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My Accidental Career as a Russian Screenwriter

“In this scene, set at a government dacha, they are joined by their American counterparts at the State Department for a daylong picnic that grows increasingly informal, involving drinks, flirtation, a guitar jam and (spoiler) contact between two spies. At times in my new job, I feel like a spy myself, and one with a shaky cover. I don’t have a good answer for how I got here.”

The New Decembrists

Hanging out in Moscow with Russia’s yuppie, 20-something journalist revolutionaries:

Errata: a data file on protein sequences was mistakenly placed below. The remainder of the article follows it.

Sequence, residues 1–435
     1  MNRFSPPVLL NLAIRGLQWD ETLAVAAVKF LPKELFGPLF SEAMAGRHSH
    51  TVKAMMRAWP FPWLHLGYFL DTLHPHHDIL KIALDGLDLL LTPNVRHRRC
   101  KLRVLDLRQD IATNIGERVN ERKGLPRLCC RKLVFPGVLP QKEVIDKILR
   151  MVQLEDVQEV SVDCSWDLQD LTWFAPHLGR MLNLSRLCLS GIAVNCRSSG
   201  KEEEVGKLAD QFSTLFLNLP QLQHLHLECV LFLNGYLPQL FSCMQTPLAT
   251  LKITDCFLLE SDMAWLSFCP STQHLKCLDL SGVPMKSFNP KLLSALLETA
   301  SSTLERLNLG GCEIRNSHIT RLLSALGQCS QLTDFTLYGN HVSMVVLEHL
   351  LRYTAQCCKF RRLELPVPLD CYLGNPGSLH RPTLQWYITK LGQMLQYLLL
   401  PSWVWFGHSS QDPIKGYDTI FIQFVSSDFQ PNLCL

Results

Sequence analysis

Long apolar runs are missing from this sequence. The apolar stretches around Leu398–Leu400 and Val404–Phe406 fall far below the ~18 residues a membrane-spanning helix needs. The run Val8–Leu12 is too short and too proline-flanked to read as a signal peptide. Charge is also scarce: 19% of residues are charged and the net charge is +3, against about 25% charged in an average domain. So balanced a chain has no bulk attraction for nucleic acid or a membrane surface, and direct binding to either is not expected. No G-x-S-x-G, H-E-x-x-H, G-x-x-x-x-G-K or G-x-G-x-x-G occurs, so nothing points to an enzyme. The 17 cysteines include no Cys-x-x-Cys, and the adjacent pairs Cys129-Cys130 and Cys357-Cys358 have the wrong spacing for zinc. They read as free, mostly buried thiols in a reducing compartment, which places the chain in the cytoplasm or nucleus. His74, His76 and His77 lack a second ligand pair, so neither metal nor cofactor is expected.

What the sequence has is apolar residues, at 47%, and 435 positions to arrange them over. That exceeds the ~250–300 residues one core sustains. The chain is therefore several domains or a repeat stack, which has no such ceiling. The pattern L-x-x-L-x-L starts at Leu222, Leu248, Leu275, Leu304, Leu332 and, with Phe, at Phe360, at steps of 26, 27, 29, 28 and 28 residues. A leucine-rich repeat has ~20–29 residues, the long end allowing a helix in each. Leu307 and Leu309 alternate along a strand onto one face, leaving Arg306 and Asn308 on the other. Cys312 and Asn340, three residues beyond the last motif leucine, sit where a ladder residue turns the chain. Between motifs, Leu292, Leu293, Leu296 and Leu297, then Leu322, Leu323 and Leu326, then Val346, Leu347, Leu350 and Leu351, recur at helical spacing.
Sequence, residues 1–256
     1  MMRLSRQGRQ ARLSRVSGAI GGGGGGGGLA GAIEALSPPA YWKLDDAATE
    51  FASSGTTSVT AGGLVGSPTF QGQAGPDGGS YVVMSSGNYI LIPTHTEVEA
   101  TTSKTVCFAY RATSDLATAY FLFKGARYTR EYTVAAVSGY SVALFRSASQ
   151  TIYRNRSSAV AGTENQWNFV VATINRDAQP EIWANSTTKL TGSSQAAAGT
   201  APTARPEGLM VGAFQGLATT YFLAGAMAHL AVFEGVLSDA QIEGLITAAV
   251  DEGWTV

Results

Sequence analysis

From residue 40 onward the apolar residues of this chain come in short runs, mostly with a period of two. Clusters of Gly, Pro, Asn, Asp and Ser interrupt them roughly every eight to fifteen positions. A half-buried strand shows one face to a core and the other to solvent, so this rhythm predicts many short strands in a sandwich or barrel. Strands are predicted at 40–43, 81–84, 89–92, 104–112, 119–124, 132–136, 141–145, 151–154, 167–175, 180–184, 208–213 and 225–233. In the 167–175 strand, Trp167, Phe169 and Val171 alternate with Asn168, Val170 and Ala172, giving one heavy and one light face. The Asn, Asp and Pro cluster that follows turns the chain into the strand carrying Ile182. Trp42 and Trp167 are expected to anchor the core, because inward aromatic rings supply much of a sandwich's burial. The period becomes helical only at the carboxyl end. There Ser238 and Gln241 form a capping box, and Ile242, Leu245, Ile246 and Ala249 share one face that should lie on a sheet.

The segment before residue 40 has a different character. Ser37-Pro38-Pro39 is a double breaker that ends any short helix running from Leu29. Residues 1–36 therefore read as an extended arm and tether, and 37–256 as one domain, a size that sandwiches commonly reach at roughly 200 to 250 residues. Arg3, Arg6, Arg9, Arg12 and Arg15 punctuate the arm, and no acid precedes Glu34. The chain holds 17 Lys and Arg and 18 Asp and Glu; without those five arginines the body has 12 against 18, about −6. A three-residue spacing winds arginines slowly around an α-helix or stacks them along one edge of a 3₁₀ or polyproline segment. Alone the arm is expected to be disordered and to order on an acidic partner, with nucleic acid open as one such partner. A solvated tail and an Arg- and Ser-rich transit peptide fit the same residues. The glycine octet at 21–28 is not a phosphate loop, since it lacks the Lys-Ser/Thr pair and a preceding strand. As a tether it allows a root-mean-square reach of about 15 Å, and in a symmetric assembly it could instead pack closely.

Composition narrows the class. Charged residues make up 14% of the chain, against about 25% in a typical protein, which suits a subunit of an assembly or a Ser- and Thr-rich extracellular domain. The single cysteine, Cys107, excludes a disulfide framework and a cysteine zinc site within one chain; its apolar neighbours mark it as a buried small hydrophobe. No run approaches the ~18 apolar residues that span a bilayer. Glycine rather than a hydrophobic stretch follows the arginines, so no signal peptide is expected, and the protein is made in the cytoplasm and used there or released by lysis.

In other words, the protest was being brought to you by the same people you would have relied on, weeks earlier, for restaurant picks.

The Movie Set That Ate Itself

Inside the five-year (so far) production of the Ilya Khrzhanovsky film Dau:

Khrzhanovsky came up with the idea of the Institute not long after preproduction on Dau began in 2006. He wanted a space where he could elicit the needed emotions from his cast in controlled conditions, twenty-four hours a day. The set would be a panopticon. Microphones would hide in lighting fixtures (as they would in many a lamp in Stalin's USSR), allowing Khrzhanovsky to shoot with multiple film cameras from practically anywhere — through windows, skylights, and two-way mirrors. The Institute's ostensible goal was to re-create '50s and '60s Moscow, home to Dau's subject, Lev Landau. A Nobel Prize–winning physicist, Landau significantly advanced quantum mechanics with his theories of diamagnetism, superfluidity, and superconductivity. He also tapped epic amounts of ass.